A blank white wall histogram evaluation might be your next step, though I don't think I would be too concerned about a 1/3 stop difference in sensor response between two very different image processors. (Remembering that live view metering is based on image processor data.)


Steve

Last edited by stevebrot; 05-14-2021 at 01:31 PM.
05-14-2021, 03:25 PM   #8
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QuoteOriginally posted by stevebrot Quote
I reviewed the video and it looks like the difference in brightness is obvious on the rear LCD, but that may just be due to the rear display settings.
In the footage, on the back LCD, I'm in manual mode and you can see the light-metered exposure stops at the bottom of the LCD screen. It's not about the brightness of the screen itself, but seeing how the light meter is reading the scene. You can see the K-70, at the same settings as the K-3 III, is 1/3 stop over exposing.

In Lightroom, there is a JPEG preview, but once zoomed 100% the .dng loads and you can still see the K-70 is a touch brighter.

I can triple check my settings... but I am sure my results are consistent.

---------- Post added 05-14-21 at 04:30 PM ----------

Also totally agree that a third stop isnít a big deal and can be expected between cameras with different image processors

05-14-2021, 04:04 PM - 1 Like   #9
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QuoteOriginally posted by FozzFoster Quote
You can see the K-70, at the same settings as the K-3 III, is 1/3 stop over exposing.
I was doing some more thinking about this and was reminded that ISO on Pentax cameras is referenced to sensor response with sOOC JPEG.* As such, I suspect that M-mode comparisons using identical settings between different model Pentax camera will likely show some variance based on ISO definition for each. I suspect that the ISO calibration of the K-70 relative to the K-3iii is about 1/3 stop low.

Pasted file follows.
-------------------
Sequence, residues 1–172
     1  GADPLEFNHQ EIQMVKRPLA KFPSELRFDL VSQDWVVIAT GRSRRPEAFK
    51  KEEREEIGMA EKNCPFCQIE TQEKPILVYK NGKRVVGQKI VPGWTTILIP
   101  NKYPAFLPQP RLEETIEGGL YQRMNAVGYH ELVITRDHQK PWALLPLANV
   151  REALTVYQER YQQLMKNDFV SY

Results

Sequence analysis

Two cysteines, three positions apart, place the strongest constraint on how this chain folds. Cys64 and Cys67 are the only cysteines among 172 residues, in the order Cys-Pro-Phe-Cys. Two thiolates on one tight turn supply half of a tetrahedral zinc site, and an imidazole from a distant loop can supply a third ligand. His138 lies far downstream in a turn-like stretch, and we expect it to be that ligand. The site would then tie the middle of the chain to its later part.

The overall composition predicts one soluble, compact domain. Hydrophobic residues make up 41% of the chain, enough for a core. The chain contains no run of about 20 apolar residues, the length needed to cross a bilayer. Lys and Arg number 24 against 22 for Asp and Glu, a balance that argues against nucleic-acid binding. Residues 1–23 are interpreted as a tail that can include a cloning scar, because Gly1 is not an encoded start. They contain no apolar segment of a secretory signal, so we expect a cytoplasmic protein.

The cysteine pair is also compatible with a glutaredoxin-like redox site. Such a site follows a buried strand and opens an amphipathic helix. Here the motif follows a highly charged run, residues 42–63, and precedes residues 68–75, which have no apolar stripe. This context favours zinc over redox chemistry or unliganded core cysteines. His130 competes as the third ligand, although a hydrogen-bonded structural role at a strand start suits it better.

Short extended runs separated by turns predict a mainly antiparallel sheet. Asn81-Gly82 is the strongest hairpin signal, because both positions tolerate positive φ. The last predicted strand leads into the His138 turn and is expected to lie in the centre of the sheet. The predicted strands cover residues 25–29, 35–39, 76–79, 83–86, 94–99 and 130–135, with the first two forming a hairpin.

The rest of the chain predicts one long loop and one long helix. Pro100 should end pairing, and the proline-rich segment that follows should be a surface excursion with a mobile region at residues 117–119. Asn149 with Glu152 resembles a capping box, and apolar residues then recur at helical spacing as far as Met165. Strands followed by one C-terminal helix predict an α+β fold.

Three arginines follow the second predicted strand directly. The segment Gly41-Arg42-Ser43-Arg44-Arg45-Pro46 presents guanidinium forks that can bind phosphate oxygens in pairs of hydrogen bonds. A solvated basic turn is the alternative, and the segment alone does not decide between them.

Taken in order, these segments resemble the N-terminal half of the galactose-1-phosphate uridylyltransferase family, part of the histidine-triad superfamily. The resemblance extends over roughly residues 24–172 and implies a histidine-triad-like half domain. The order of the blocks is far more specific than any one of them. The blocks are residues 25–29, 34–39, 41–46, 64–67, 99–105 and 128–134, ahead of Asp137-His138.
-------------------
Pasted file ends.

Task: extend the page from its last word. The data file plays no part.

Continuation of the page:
Steve

* Standard output sensitivity (SOS) is one of three methods allowed by CIPA standards. Their methodology uses a standardized setup to evaluate OOC JPEG to match an 18% gray standard.
05-14-2021, 08:42 PM   #10
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QuoteOriginally posted by stevebrot Quote
and was reminded that ISO on Pentax cameras is referenced to sensor response with sOOC JPEG.
QuoteOriginally posted by stevebrot Quote
* Standard output sensitivity (SOS) is one of three methods allowed by CIPA standards. Their methodology uses a standardized setup to evaluate OOC JPEG to match an 18% gray standard.
makes sense! good explanation for variance among sensors. Seems a bit silly to call it a 'standard' when you allow three different methods to calibrate haha
05-14-2021, 09:26 PM - 1 Like   #11
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Good work!

Having both male and female narration is a very good idea - adds a bit of oomph to a rather dry subject.
05-14-2021, 11:32 PM - 1 Like   #12
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QuoteOriginally posted by FozzFoster Quote
makes sense! good explanation for variance among sensors. Seems a bit silly to call it a 'standard' when you allow three different methods to calibrate haha
I was wrong...CIPA only allow two of the elements of the ISO12232 standard:

Recommended Exposure Index (REI): Manufacturers allowed to define ISO as what produces best exposure at the given setting.

Standard Output Setting (SOS): Using a standardized light source, the numeric rendering must equate to 18% gray (RGB 118, 118, 118 on average across the frame).

It should be apparent at some point that ISO on digital cameras is less about sensitivity and mostly about metering to respect traditional notions regarding EV appropriate for a given subject lighting (e.g. Sunny 16 rule) as well as existing photographic lighting conventions and meters. Metering is the tail that wags the dog.


Steve